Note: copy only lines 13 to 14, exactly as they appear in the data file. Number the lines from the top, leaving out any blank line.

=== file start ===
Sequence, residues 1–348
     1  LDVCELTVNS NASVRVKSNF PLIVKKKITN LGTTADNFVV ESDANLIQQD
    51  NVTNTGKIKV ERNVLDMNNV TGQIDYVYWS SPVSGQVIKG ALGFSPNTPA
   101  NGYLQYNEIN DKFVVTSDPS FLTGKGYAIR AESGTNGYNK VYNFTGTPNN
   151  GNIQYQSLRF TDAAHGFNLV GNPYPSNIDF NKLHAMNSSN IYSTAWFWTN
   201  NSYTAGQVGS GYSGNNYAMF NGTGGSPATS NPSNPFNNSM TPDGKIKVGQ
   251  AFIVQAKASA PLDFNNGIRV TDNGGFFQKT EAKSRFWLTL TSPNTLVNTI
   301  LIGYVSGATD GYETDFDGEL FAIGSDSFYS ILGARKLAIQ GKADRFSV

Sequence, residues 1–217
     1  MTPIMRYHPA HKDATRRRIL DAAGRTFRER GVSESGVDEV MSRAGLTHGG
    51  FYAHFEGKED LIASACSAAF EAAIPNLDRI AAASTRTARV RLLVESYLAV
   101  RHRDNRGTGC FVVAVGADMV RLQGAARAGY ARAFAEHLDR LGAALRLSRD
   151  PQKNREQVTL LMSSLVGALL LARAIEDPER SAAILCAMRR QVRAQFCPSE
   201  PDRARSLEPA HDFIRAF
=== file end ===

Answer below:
   151  PQKNREQVTL LMSSLVGALL LARAIEDPER SAAILCAMRR QVRAQFCPSE
   201  PDRARSLEPA HDFIRAF